Merchant Innovation

The Ups And Downs Of Fab

The not-with-a-bang-but-a-whimper demise of former flash-sale design site Fab.com represents either the collapse of a billion-dollar startup — currently for sale for $15 million — or the successful pivot of that startup from online flash sales to an omnichannel home-decor retailer.

Depending on how you look at it, the not-with-a-bang-but-a-whimper demise of former flash-sale design site Fab.com represents either the collapse of a billion-dollar startup, or the successful pivot of that startup from online flash sales to an omnichannel home-decor retailer.

The billion-dollar collapse version: Sources said last week that Fab is trying to sell itself to PCH International for between $15 million and $50 million, according to TechCrunch. That’s a a 95-to-98-percent drop in value from the $1 billion valuation the company had in mid-2013, when it raised $150 million in a Series D funding round.

But what PCH will get if the deal goes through isn’t much more than a name, a website and a cast-off business model (and possibly a $250,000-a-month lease for New York office space). The 150-plus employees? Gone, except for a skeleton crew of about 20. The high-value acquisitions, which included German custom-furniture store Massivkonzept and Finnish home-decor manufacturer One Nordic? Gone, to form the core of Fab co-founder Jason Goldberg’s new Berlin-based custom decor company Hem.

That’s where the successful-pivot version comes in. While Hem started as a Fab subsidiary, if Fab is sold Hem will keep the investors, the capital and the billion-dollar valuation. Fab’s estimated 12 million customers may be unhappy, but they’ll be PCH’s problem.

And even a $15 million price for what remains of Fab isn’t as paltry as it sounds. The flash-sale design site was born in February 2011 out of a failing social network for the gay community called Fabulis that had $2 million in the bank and no viable future. Goldberg and co-founder Bradford Shane Shellhammer were about to shut it down.

Instead, they took the money (and investors) and ran with the idea for a online home-decor flash sales. Less than a year later, the renamed Fab had 2 million customers and $1.5 million in sales per week, and was worth $200 million. A year after that, in late 2012, there were 9 million customers and the $1 billion valuation.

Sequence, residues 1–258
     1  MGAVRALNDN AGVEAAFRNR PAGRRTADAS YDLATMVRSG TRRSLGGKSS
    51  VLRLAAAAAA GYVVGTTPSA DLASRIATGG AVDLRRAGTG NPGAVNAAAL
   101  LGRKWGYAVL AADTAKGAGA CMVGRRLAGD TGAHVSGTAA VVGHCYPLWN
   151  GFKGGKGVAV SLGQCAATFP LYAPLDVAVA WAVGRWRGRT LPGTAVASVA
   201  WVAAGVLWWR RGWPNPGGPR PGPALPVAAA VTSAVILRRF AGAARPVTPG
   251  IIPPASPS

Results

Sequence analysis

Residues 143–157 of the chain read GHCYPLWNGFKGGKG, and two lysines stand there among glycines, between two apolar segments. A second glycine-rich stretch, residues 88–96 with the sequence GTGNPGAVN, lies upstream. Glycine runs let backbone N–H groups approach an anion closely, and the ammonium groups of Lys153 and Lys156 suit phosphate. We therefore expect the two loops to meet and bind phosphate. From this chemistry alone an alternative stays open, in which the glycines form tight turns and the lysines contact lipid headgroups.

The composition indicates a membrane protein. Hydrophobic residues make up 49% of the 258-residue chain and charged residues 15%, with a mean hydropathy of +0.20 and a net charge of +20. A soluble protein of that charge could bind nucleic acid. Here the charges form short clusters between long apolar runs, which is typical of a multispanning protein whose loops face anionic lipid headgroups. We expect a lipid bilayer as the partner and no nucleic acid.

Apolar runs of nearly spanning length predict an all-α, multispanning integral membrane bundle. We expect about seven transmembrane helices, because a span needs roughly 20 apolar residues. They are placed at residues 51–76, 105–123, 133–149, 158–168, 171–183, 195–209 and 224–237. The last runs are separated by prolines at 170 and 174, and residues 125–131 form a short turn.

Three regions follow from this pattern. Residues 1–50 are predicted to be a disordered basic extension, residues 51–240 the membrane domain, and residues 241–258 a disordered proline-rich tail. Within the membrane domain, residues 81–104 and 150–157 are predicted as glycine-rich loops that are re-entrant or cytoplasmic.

But by late 2013 Fab was struggling, after a planned $300 million funding round brought in only half that amount. Like most other flash-sale startups, Fab never found the right formula for the right range of products, fast enough delivery, reasonable margins and the ability to scale.

With rivals ranging from Amazon and eBay to Rocket Internet’s startups — and Fab burning through $14 million a month — in June 2014 CEO Goldberg laid off all but two dozen employees of the flash-sale operation, reorganized the European operations as Hem, and moved to Berlin to focus on the omnichannel custom-design business.

Fab has now stopped losing money and is improving its cash flow. But if PCH closes the deal to buy Fab, it still won’t get anything like the venture-capital darling of late 2012 — the days when Fab (and Fabulis) co-founder Shellhammer told TechCrunch, “Thirty years from now, I see everyone in the world having something from Fab in their home. When you think of design, you come to Fab.” Whichever way you see the fall (or reinvention) of Fab, that at least no longer seems likely.

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